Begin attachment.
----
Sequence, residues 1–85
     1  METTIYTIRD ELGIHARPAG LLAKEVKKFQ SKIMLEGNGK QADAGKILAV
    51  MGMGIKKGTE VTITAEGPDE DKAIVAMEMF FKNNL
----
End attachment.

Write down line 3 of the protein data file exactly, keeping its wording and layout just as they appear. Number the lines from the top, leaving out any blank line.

    51  MGMGIKKGTE VTITAEGPDE DKAIVAMEMF FKNNL